will keep all in mind. fortunately i went to art school and etc, know a bit on 'how to' use spray cans.
    the eastwood stuff seems particularly interesting.
    anyway. there's a long winter yet to endure. will not spray things again until outside is nice.

    thanks!

  7. #7
    Senior Member mrrabbit's Avatar
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    Quote Originally Posted by orangeology View Post
    many many thanks for great advice, folks.
    will keep all in mind. fortunately i went to art school and etc, know a bit on 'how to' use spray cans.
    the eastwood stuff seems particularly interesting.
    anyway. there's a long winter yet to endure. will not spray things again until outside is nice.

    thanks!
    Elements wise or temperature wise?

    =8-)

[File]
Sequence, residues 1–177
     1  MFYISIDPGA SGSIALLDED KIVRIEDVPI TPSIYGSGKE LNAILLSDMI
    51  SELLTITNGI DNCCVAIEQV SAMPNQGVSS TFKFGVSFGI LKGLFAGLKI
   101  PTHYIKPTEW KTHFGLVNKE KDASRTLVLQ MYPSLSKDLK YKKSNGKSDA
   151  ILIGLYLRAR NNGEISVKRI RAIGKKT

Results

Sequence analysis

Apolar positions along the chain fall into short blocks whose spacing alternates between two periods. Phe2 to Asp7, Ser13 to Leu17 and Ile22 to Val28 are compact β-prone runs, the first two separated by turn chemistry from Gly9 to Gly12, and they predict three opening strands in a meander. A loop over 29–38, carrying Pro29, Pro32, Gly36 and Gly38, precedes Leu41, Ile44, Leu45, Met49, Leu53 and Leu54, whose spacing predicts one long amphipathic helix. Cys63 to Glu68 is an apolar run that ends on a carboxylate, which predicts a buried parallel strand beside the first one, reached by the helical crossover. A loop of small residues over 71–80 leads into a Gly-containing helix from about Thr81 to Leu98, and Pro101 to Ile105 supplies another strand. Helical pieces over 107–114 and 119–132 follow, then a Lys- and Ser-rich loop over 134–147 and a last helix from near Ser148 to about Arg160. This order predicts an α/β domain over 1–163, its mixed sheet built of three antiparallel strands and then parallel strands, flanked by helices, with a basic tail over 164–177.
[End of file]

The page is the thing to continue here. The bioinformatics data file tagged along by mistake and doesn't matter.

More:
4000+ wheels built since 1984...

    Disclaimer:

    1. I do not claim to be an expert in bicycle mechanics despite my experience.
    2. I like anyone will comment in other areas.
    3. I do not own the preexisting concepts of DISH and ERD.
    4. I will provide information as I always have to others that I believe will help them protect themselves from unscrupulous mechanics.
    5. My all time favorite book is:

    Kahane, Howard. Logic and Contemporary Rhetoric: The Use of Reason in Everyday Life

  8. #8
    category ii hoarder orangeology's Avatar
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    Quote Originally Posted by mrrabbit View Post
    Elements wise or temperature wise?

    =8-)
    little bit of both.